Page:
Seabirds feed at a range of trophic levels on planktonic and nektonic prey. They are highly visible, easily identified, and much is known regarding their basic biology. Thus they are among the most easily and effectively sampled of all marine organisms, and are therefore particularly instructive as biological indicators of ecosystem state.

Our research program is based on surveys of distribution and abundance, which we conduct concurrently with mammal assessment surveys, generally over large spatial scales. We use standard 300-meter strip transect methods and routinely collect data on species associations, behavior, age, and sex. We also conduct directed studies of foraging ecology for selected species and species groups, monitor seabird populations of a few remote islands in the tropical Pacific, and collect specimens for studies of phylogenetic relationships. Our seabird data cover areas in the eastern tropical Pacific including the Gulf of California, the shelf and slope waters of California, Oregon, and Washington, the eastern north Pacific basin, and the western tropical Indian Ocean. (Contact Lisa T. Ballance.)

Selected Publications

Ballance, L.T., R.L. Pitman, and P.C. Fiedler. 2006. Oceanographic influences on seabirds and cetaceans of the eastern tropical Pacific: a review. Progress in Oceanography 69:360-390.

Brooke, M.D.L., L.T. Ballance, R.L. Pitman, and R.W. Furness. 2006. Fishery impacts on the food supplies of seabirds. Acta Zoologica Sinica 52 (Supplement):639-640.

Vilchis, L.I., L.T. Ballance, and P.C. Fiedler. 2006. Pelagic habitat of seabirds in the eastern tropical Pacific: effects of foraging ecology on habitat selection. Marine Ecology Progress Series 315:279-292.

Borberg, J.M., L.T. Ballance, R.L. Pitman, and D.G. Ainley. 2005. A test for bias attributable to seabird avoidance of ships during surveys conducted in the tropical Pacific. Marine Ornithology 33:173-179.

Pitman, R.L., L.T. Ballance, and C. Bost. 2005. Clipperton Island: Pig sty, rat hole and booby prize. Marine Ornithology 33:193-194.

Ford, R.G., D.G. Ainley, J.L. Casey, C.A. Keiper, L.B. Spear, and L.T. Ballance. 2004. The biogeographic patterns of seabirds in the central portion of the California Current. Marine Ornithology 32:77-96.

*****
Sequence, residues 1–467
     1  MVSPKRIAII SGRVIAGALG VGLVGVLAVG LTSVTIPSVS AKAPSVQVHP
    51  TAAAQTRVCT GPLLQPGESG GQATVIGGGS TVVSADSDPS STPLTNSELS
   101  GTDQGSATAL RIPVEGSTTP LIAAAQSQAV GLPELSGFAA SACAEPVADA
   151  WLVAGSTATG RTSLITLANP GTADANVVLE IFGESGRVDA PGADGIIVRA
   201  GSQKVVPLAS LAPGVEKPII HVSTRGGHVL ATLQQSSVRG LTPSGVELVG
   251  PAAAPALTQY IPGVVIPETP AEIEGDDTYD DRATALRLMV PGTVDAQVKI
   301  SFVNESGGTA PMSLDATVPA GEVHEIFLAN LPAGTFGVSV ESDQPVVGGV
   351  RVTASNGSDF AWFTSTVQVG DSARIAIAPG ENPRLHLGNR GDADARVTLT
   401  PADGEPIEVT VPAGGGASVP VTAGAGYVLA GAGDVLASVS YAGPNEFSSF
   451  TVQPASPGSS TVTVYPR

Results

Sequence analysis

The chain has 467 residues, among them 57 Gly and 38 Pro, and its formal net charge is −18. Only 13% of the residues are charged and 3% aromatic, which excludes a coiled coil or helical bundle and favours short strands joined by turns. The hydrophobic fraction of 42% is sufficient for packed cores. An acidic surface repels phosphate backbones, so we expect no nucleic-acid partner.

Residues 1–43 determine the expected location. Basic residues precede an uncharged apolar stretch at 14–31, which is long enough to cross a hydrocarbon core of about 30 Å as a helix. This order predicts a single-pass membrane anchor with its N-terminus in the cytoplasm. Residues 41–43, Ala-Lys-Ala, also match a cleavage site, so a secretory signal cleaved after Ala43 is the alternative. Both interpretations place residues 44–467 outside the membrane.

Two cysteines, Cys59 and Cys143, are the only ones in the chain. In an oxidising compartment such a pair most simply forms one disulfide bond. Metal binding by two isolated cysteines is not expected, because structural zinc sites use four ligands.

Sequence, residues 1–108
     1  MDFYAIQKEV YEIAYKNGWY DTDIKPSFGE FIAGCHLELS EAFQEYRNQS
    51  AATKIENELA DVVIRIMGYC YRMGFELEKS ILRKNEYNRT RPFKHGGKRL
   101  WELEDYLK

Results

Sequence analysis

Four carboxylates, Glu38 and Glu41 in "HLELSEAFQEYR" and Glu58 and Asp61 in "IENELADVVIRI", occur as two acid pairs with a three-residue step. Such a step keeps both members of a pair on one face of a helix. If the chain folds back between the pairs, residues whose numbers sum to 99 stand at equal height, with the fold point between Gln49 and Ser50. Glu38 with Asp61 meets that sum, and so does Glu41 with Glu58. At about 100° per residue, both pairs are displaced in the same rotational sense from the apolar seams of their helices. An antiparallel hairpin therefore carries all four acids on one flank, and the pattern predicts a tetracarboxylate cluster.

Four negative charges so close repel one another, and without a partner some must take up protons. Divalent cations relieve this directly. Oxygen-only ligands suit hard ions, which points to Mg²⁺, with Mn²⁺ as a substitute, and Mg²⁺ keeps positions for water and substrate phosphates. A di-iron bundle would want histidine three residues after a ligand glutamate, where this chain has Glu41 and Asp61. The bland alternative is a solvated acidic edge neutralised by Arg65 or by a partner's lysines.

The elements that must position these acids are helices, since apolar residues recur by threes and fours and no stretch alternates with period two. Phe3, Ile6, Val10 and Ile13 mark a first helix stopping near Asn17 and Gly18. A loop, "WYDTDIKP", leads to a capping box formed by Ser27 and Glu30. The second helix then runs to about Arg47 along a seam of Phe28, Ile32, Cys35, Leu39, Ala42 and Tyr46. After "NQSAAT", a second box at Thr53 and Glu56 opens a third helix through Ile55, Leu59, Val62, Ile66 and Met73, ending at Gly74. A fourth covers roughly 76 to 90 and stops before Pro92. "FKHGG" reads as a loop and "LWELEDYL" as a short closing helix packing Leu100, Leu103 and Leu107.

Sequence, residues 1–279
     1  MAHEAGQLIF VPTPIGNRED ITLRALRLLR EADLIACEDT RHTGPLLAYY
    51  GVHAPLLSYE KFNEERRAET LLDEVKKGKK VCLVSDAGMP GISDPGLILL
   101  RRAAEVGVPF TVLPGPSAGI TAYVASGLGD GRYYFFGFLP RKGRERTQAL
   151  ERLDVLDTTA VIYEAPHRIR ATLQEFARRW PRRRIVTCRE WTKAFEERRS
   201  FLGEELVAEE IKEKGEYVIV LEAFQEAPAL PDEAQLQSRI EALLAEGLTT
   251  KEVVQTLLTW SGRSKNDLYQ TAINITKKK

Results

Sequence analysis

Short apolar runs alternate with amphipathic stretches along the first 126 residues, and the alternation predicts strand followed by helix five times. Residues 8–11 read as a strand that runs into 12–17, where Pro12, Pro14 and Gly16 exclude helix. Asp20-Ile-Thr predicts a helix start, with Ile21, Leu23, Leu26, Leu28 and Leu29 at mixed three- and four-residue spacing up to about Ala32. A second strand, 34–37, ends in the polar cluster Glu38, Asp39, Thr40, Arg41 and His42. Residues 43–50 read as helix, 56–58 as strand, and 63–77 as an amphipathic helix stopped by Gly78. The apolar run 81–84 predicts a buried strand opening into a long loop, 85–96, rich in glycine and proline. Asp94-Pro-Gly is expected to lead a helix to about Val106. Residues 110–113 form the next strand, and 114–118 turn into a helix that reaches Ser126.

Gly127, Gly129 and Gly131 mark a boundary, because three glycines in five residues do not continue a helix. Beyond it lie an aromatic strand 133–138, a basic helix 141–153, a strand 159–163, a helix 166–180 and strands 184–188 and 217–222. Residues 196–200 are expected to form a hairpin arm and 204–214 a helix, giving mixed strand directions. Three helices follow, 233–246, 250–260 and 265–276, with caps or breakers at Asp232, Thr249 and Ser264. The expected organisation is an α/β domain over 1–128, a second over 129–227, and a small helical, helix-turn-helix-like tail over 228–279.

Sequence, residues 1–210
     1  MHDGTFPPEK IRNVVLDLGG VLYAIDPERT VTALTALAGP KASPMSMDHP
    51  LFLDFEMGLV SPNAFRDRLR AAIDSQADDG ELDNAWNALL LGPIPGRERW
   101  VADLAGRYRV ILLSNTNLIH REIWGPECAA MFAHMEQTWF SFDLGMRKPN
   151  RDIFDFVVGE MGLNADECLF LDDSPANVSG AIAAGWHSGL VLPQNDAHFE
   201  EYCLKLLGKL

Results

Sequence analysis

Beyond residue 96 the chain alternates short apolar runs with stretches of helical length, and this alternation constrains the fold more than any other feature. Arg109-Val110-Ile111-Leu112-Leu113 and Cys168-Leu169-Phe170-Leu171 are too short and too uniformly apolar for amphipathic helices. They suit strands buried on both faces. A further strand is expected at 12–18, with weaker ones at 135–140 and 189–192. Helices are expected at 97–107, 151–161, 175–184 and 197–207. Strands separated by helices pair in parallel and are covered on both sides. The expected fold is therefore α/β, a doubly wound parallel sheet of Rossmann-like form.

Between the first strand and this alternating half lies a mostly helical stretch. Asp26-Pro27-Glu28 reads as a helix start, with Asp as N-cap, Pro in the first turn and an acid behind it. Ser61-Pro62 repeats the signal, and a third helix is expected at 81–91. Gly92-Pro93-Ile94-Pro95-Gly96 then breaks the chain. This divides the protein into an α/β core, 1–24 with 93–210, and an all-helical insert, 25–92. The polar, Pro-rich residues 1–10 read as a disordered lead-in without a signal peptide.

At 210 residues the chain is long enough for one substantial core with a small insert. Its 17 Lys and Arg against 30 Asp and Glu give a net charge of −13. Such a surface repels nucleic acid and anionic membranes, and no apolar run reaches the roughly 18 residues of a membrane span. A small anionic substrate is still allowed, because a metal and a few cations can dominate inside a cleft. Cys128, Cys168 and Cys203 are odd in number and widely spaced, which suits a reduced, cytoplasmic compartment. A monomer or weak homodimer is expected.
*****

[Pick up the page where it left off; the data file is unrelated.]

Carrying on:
Pitman, R.L. and L.T. Ballance. 2002. The changing status of marine birds breeding at San Benedicto Island, Mexico. Wilson Bulletin 114(1):11-19.

Ballance LT, D.G. Ainley and G.L. Hunt, Jr. 2001. Seabird Foraging Ecology. Pages 2636-2644 in: J.H. Steele, S.A. Thorpe and K.K. Turekian (eds.) Encyclopedia of Ocean Sciences, vol. 5. Academic Press, London.

Spear, L.B., L.T. Ballance, and D.G. Ainley. 2001. Response of seabirds to thermal boundaries in the tropical Pacific: the thermocline versus the Equatorial Front. Marine Ecology Progress Series 219:275-289.

Hoefer, C.J. 2000. Marine bird attraction to thermal fronts in the California Current System. Condor 102:423- 427.

Ballance, L.T. and R.L. Pitman. 1999. Foraging ecology of tropical seabirds. Proceedings of the 22nd International Ornithological Congress, Durban:2057-2071. Adams, N. and R. Slotow (eds.). Johannesburg: BirdLife South Africa.

Hertel, F. and L.T. Ballance. 1999. Wing ecomorphology of seabirds from Johnston Atoll. Condor 101:549-556.

Pitman, R.L. and J.R. Jehl. 1998. Geographic variation and reassessment of species limits in "Masked" Boobies of the eastern Pacific. Wilson Bulletin 110:155-170.

Ballance, L.T., R.L. Pitman and S.B. Reilly. 1997. Seabird community structure along a productivity gradient: importance of competition and energetic constraint. Ecology 78:1502-1518.

Everett, W.T. and R.L. Pitman. 1996. Avian specimens from Rocas Alijos. Pages 359-362 in: Rocas Alijos. Scientific results from the Cordell expeditions. R.W. Schmieder (ed.). Kluwer Academic Publishers, London.

Pitman, R.L. 1996. Almost atoll. Natural History 105:60-64.

Ballance, L.T. 1995. Flight energetics of free-ranging Red-footed Boobies, Sula sula. Physiological Zoology. 68:887-914.

Pitman, R.L., L.B. Spear, and M.P. Force. 1995. The marine birds of Malpelo Island, Colombia. Colonial Waterbirds 18:113-119.

Everett, W.T., and R.L. Pitman. 1993. Status and conservation of shearwaters of the North Pacific. In: K. Vermeer, K.T. Briggs, K.H. Morgan, and D. Siegel-Causey (eds.). The status, ecology, and conservation of marine birds of the North Pacific. Can. Wildl. Serv. Spec. Publ., Ottawa.

Pitman, R.L. 1993. Seabird associations with marine turtles in the eastern Pacific. Colonial Waterbirds 16(2):194- 201.

Pitman, R.L. and L.T. Ballance. 1992. Parkinson's Petrel distribution and foraging ecology in the eastern tropical Pacific: aspects of an exclusive feeding relationship with dolphins. Condor 94:824-834.

Pitman, R.L. and L.T. Ballance. 1990. Daytime feeding by Leach's Storm-Petrel on a midwater fish, Vinciguerria lucetia, in the eastern tropical Pacific. Condor 92:524-527.

Au, D.W.K., and R. L. Pitman. 1988. Seabird relationships with tropical tunas and dolphins, p. 174-212. In J. Burger (ed.), Seabirds and other marine vertebrates. Competition, predation and other interactions. Colombia University Press, New York.

Au, D.W.K., and R.L. Pitman. 1986. Seabird interactions with tuna and dolphins in the eastern tropical Pacific. Condor 88:304-317.

Pitman, R.L. 1985. The marine birds of Alijos Rocks, Mexico. Western Birds 16:81-92.

Pitman, R.L., M. Newcomer, J. Butler, J. Cotton, and G. Friedrichsen. 1983. A Crested Auklet from Baja California. Western Birds 14:47-48.

Last modified: 12/24/2014